back to article Researcher spies new Adobe code execution bug

A researcher has unearthed a bug in software used to install Adobe's ubiquitous Reader and Flash applications that can be exploited to remotely install malicious files on end user PCs. The Adobe Download Manager is an ActiveX script that is invoked when people install or update Reader or Flash using Internet Explorer. …

COMMENTS

This topic is closed for new posts.
Thumb Down

Horrible!

Adobe's download manager is complete shit. I hate it. Just give me the direct download to the file any day. I refuse to let the DM run whenever I get hit with it.

2
0

Switcheroo

Use FF to download the Flash control for IE, and IE to download the Flash plugin for firefox/safari/chrome. That will give you the two standalone executables:

http://get.adobe.com/flashplayer/otherversions/

For Reader, go to ftp://ftp.adobe.com and download the installer without all the Air crap.

0
0
Bronze badge
Unhappy

Never understtod why they needed it

Never made downloads faster and only added more holes. Too bad there aren't any good alternatives to their crap

2
0
Stop

Ok!

We get it. Abode is shit at writing software. Please don't post an article every time a bug is exploited... that'd be a lot of boring articles. Better to tell us when they're all fixed

3
3
FAIL

No-one used to

But, Adobe went on record a few weeks ago saying they didn't ship software with any bugs.

What did they /think/ would happen if they made a claim like that? Remember MS launching Vista as their "Most secure OS yet"? IIRC, several major flaws were discovered and exploited about half a day after the first release candidate went out to the public.

If you want to live in ignorance, then feel free to not read the articles and just get your spoon-fed updates from Adobe as and when (and now cross your fingers that it *is* an update from Adobe that you get).

The fact is that this particular flaw is a problem in a piece of software that isn't even useful, it just adds a layer of complexity to what should be a straightforward download and now it adds a security hole to go with it.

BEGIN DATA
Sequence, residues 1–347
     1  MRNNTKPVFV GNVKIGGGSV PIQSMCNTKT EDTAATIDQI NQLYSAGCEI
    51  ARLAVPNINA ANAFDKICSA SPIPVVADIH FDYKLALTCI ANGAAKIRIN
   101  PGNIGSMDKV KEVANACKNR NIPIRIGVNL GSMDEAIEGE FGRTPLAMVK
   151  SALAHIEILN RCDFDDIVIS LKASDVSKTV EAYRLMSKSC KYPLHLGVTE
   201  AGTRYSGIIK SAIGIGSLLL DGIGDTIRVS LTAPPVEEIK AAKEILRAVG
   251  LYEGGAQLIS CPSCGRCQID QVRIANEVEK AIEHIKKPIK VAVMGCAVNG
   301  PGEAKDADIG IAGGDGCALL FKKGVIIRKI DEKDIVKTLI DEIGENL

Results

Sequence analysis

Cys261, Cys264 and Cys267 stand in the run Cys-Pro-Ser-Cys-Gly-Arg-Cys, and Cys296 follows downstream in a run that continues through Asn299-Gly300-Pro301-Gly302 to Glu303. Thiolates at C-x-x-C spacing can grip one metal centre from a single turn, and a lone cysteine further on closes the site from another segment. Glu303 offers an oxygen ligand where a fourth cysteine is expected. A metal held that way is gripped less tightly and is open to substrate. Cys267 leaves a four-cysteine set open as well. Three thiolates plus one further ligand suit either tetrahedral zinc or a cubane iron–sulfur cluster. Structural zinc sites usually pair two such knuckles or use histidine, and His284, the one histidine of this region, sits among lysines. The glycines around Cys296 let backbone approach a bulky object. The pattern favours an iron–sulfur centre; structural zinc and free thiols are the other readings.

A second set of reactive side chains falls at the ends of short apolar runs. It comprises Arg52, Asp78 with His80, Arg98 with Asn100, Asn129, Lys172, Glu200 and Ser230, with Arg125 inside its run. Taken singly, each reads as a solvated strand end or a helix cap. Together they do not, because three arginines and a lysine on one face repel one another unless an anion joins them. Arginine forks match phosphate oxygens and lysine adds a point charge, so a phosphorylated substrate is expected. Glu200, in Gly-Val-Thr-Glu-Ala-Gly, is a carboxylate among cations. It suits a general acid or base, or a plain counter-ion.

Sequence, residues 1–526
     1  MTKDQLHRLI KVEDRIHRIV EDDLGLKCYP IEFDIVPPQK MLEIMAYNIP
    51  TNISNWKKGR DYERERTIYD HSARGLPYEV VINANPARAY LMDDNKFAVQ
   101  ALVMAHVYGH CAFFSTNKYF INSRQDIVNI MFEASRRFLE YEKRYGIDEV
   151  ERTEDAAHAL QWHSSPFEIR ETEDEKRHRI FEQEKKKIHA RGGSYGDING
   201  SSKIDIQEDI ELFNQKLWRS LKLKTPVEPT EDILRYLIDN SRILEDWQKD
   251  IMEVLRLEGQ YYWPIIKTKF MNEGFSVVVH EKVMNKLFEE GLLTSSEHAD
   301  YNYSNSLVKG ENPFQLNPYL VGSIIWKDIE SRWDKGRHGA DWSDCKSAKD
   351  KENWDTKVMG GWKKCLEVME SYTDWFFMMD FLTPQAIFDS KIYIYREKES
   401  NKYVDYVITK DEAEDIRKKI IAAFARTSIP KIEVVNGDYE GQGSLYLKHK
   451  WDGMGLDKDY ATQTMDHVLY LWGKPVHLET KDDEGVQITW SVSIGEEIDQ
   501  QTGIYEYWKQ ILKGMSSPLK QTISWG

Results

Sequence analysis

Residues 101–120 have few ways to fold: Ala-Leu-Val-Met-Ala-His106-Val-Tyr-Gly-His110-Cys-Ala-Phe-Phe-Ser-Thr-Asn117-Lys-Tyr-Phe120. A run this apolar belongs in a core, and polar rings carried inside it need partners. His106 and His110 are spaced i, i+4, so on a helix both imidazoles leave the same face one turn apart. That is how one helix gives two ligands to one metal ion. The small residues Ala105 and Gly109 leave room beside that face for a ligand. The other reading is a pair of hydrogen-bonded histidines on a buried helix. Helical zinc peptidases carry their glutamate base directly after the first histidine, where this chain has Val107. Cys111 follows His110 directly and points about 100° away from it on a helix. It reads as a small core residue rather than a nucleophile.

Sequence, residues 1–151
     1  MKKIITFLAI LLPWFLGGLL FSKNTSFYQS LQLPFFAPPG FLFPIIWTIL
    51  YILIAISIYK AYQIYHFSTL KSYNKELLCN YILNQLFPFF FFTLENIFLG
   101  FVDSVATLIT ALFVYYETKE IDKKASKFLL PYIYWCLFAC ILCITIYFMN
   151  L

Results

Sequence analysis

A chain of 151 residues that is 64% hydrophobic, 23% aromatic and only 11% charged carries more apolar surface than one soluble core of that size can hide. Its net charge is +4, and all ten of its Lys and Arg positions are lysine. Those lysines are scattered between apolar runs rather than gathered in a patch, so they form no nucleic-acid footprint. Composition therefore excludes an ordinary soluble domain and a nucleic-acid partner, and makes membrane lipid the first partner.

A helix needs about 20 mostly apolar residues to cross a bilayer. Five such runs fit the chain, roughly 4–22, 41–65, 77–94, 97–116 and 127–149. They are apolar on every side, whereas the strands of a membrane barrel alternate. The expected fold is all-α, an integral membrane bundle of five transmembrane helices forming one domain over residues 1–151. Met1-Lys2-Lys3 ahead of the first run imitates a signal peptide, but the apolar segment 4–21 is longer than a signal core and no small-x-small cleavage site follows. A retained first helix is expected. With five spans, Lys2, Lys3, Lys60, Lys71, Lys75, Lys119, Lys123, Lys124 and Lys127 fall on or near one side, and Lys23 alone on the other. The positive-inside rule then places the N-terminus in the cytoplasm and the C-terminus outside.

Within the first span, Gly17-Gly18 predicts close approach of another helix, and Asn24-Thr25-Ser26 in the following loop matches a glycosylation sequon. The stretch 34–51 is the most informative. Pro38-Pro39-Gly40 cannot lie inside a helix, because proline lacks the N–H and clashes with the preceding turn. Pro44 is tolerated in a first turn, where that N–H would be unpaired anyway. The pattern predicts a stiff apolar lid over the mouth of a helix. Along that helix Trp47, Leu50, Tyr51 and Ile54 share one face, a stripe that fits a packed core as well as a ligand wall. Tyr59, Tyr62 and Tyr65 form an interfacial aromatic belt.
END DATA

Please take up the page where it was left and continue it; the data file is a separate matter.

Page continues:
Adobe could fix this with a quick re-write of their web page, probably in less than half a day, but I can almost guarantee that they will persist with the download manager.

3
0
Anonymous Coward

Chill out, Dan

Dan Goodin defintiely has an Adobe fixation.... one can only guess at why he hyper-ventilates every time a bug is revealed.

0
0
Silver badge

Numpties.

"The attack combines a vulnerability on Adobe's website with a defect in the download manager. The result: he was able to install and execute his own instance of the Windows calculator on a Register test machine."

::shakes head:: I guess I'll be getting calls, but I don't work on Windows anymore.

"Aviv demonstrated the exploit on the condition further technical details be withheld."

Good plan. Gives Adobe a day or so cushion to fix it before the exploit is in the wild ...

"Adobe Download Manager would be as good a place as any to start."

ITYM "Adobe products would be as good a thing as any to avoid."

1
1
Silver badge

three reasons I don't need to worry too much:

1. I'm using a Mac. D'ahh ha ha ha ha ha hahhh.

2. I'm running Firefox with Flashblock.

3. ActiveX? What is this ActiveX you speak of?

2
5
Stop

From one Mac user to another.

1. Don't do that. It gives the rest of is a bad name and it's fucking puerile. This sort of post gives certain intellectually challenged individuals an excuse to troll.

2. Firefox. It's got as many holes as any of the other browsers, and more of these are becoming apparent as it's popularity increases. Security through obscurity is no security at all.

3
0
Silver badge
Flame

Firefox exploits can be contained

Firefox does have exploits but it can be sandboxed and because its not deeply hooked into the OS there's little chance of getting round the sandbox. My copy only has access to a few folders, cannot install software or run external programs with enough file and|or system privileges to even work let alone do damage.

Remember: IE is evil because it deliberately pushes its bugs into the OS with high privileges, not because its buggy.

4
0

@Mike Flugennock

I guess we only need to wait until 24 March to find out just how cocksure you really are with your Apple.

My guess, sub 10 seconds again.